Creme fraiche (crme frache) is a soured cream containing about 30–45% butterfat and having a pH of around 4.5. It is soured with bacterial culture, but is less sour than the U.S.-style sour cream. Creme fraiche also has a lower viscosity and a higher fat content compared to sour cream which contains about 20% butterfat.
A good substitute for creme fraiche depends on how it will be used. Due to high butter fat content creme fraiche does not curdle at higher temperatures which makes is good for sauces and soups. If that’s how you plan on using it, you need a substitute that will behave similarly when heated. Otherwise, look for similar texture and taste.
Sour cream is a very good substitute for creme fraiche as both are very similar. If using in a salad or as a topping, they’re pretty much interchangeable. Sour cream is little more less and tangy fatty.
Many people report successfully using full fat Greek yogurt as a substitute for creme fraiche, especially used in desserts. Again, you don’t want to use light or non-fat version. Go full fat for best results. Due to higher protein content and lower fat content compared to the real deal, this substitute is more suitable for salads or as a topping.
Mix of sour cream and heavy cream
If you want less tang and more fat, whip up some heavy cream to mix it with sour cream. A typical ratio is 50% sour cream and 50% heavy cream. Adjust the ratio as needed. This mix of sour cream and heavy cream is a much better substitute for creme fraiche if you are looking to use it in hot sauces or soups, because of higher butterfat content. It’s also less and creamier tangy.
Crema Mexicana is a white, fresh cream cheese, with a mild to sour flavor. It has a very thick, rich mouth feel. It normally finds application in sauces and soups among other things. It’s a tarter thicker version of sour cream and costs about half of creme fraiche. It cooks beautifully where sour cream tends to separate. If you are looking to use it in hot soups or sauces, Crema Mexicana is an excellent substitute for creme fraiche.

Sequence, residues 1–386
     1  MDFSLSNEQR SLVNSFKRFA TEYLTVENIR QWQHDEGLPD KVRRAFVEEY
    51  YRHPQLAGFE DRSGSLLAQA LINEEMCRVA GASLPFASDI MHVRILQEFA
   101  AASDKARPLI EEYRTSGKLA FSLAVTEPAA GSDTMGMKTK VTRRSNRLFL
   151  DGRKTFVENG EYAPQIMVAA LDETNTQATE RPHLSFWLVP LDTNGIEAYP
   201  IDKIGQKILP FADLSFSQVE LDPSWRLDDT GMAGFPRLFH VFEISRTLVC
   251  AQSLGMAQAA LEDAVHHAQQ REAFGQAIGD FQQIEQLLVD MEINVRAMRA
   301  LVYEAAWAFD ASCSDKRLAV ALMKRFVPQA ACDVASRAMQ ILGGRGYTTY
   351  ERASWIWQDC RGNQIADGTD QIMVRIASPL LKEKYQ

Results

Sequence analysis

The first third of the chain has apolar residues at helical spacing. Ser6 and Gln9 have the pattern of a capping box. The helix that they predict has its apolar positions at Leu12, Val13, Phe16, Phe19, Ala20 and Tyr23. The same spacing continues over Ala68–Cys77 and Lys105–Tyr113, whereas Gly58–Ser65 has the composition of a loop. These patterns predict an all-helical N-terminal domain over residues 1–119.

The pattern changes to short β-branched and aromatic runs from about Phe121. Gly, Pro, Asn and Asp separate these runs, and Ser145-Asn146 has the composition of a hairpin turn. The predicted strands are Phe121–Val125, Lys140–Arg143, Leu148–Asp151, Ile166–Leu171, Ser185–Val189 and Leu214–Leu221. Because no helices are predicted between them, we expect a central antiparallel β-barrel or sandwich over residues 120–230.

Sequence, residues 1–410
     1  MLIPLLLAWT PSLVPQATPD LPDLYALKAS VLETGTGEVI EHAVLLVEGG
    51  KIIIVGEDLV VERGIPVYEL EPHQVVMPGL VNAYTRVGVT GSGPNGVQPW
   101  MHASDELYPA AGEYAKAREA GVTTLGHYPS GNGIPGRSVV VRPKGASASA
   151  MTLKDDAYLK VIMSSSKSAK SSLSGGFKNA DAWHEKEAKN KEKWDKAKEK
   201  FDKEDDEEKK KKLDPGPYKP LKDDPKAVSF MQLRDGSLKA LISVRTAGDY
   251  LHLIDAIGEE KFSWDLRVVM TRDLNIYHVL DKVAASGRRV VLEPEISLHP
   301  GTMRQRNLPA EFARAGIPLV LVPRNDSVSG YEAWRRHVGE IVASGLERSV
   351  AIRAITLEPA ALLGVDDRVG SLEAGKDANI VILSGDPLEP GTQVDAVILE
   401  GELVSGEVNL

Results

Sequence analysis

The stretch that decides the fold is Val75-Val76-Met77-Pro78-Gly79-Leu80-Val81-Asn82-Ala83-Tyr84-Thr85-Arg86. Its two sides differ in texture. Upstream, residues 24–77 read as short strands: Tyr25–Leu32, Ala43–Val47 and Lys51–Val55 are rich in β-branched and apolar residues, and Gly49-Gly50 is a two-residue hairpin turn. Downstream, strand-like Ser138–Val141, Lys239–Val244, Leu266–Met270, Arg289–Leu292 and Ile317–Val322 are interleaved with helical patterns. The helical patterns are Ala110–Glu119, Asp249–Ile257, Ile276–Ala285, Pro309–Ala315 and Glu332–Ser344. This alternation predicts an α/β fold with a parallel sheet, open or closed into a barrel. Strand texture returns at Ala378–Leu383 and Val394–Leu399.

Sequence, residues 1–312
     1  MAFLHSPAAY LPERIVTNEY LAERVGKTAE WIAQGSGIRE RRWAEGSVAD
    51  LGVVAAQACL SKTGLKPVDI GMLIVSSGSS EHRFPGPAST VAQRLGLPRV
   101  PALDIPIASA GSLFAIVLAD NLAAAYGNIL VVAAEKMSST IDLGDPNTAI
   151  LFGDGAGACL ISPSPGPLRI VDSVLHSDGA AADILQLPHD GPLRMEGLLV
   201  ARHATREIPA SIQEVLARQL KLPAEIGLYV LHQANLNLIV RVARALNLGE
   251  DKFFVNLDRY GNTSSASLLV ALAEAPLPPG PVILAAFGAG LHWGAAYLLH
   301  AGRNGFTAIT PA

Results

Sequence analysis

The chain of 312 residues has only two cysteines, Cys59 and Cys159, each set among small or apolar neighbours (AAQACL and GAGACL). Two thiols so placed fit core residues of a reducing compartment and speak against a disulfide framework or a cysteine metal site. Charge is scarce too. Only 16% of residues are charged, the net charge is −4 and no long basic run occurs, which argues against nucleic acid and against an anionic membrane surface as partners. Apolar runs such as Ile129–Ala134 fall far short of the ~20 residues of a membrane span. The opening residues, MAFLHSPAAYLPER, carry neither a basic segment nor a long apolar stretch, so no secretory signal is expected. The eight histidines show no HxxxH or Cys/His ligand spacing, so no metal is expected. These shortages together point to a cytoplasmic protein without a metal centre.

Philadelphia Cooking Creme
There is a product out called Philadelphia Cooking Creme. Some find it to be a great substitute for creme fraiche and it doesn’t separate at high temperatures. If the reason you are looking for a creme fraiche substitute is that your local stores do not sell it, make your own creme fraiche,
Make own creme fraiche – method 1
. For that you will need Creme Fraiche C33 or similar starter culture and about 24 hours of time.
To make creme fraiche, heat 1 quart of pasteurized light cream (18%-36% butter fat) or half and half to 86F. Add 1 packet of starter let, culture and mix set at room temperature, undisturbed, for 12 hours or until thickened (as in yogurt). Ladle curd gently into a butter muslin lined drain, hang and colander 6-12 hours. Refrigerate and enjoy!
Make own creme fraiche – method 2
To make creme fraiche the quick(er) and easy way, combine 2 cups of heavy cream (pasteurized, not ultra pasteurized or sterilized, and with no additives) with 2 tablespoons of cultured buttermilk or sour cream in a saucepan. Heat very lightly, until the instant read thermometer reads 85F. Transfer into a clean container. Cover the container and let it sit at room temperature (65F to 75F) for about 8 to 24 hours, or until thickened. The cream will keep about 2 weeks in the refrigerator.